Nichelle Nichols


Communications have ceased for Star Trek trailblazer Nichelle Nichols at the age of 89. Now the inaugural crew is down to George Takei, Walter Koenig, and… William… Shatner. Nichols was primarily a musical theatre actress early in her career, and her ties to Gene Roddenberry predated the Enterprise – she guest starred in his short-lived creation The Lieutenant, and the two had an affair until she twigged Roddenberry was also in cahoots with his future wife Majel Barrett. For Star Trek, she was cast as Lieutenant Nyota Uhura, the trusty translator and communications officer whose surname was adapted from the Swahili word for freedom.

Uhura was groundbreaking as one of the earliest black woman characters in a TV show to be a strong and capable non-stereotype. The character could have easily been played by a white woman, or even a man, with little fundamental alteration. It was an importance Nichols herself wasn’t fully aware of until meeting Martin Luther King, Jr. Nichols planned to return to her main love, musical theatre, after season one of Star Trek (and if Uhura suddenly disappeared, it could just be blamed on the red outfit…). Dr. King persuaded her of Uhura’s social importance, and Nichols changed course and stayed on the ship. Dr. King was vindicated – through Uhura, Nichols inspired subsequent black actresses including Whoopi Goldberg, and even astronaut Mae Jemison, the first black woman in space.

Throughout the series, Nichols let her musical roots shine by occasionally singing while Spock played his Vulcan lyre. Her most groundbreaking moment of all came in a season three episode. It was so unprecedented and daring that all the obituaries made sure to mention it. Yes, in “Plato’s Stepchildren”, she kissed William Shatner. (joke shamelessly stolen from Futurama…)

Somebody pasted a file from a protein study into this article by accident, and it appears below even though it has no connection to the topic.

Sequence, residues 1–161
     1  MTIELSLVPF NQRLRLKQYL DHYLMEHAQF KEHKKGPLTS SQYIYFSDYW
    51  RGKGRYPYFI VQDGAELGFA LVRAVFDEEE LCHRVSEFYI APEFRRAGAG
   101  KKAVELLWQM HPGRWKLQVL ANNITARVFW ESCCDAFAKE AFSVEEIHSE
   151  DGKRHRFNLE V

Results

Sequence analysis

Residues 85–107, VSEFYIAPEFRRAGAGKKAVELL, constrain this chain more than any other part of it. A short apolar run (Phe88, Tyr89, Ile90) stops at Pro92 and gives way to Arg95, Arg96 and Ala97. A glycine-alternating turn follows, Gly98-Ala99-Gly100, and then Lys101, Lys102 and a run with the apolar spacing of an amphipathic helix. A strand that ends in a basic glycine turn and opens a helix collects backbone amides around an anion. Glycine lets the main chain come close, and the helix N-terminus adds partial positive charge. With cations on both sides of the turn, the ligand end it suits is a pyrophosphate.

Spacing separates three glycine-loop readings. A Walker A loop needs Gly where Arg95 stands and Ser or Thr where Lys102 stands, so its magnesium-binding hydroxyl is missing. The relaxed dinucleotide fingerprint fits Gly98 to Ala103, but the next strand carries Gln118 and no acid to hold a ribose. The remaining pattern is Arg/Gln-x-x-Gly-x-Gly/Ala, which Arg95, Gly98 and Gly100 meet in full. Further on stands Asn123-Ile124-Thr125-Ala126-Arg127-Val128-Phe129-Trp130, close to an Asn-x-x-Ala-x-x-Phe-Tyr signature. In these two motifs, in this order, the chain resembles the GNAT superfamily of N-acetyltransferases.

After the original series ended, Nichols reprised Uhura in other Star Trek media. She was (alongside George Takei) originally going to be excluded from the animated series, but Leonard Nimoy put his foot down and refused to reprise Spock unless Nichols and Takei were also signed on. Uhura commanded the Enterprise in one cartoon episode, which Nichols lamented not being able to do in the original series. She was present in the first six movies, where she helped search for Spock and rescue humpback whales, and had a brief romantic fling with Scotty.

Nichols’s legacy was as sturdy outside Star Trek as within it. She formed Women in Motion in 1975, initially a music educational programme that transformed into woman/minority astronaut recruitment with the help of a NASA grant. A phenomenal success, Sally Ride and first African American in space Guion Bluford were among its recruits. Uhura was such a defining character for Nichols that she rarely had roles in non-Trek media, though did appear in blaxploitation film Truck Turner and superhero drama series Heroes. Given Uhura’s importance and inspiration, Nichols embraced her fame being so intertwined with one character, and was a regular at the convention circuit for many years.

In 2018 Nichols was diagnosed with dementia, and in recent years she was the centre of a conservatorship battle between her manager and son ala Casey Kasem. Given the real life Scooby Doo episode that was Kasem’s final weeks, at least her manager didn’t take her to outer space to avoid the family. The media attention meant Nichols seemed a likely Drop 40 debutante, but was picked with lower frequency than anticipated – her 21 teams were the same number as Bernard Cribbins, and hopefully an omen for Bill Cosby. Among the teams that beam up are Captain Hemlock’s Twenty, Gris Gris, several geekery theme teams, several women former theme teams, and a joker hit for A Submarine Torpedoes and Sinks The Love Boat. Who presumably isn’t Reptile’s gang rival.

Nichelle Nichols
28 December 1932 – 30 July 2022, aged 89
21 TEAMS (💀💀💀💀💀💀 6 POINTS, 🃏 (x1) 12 POINTS)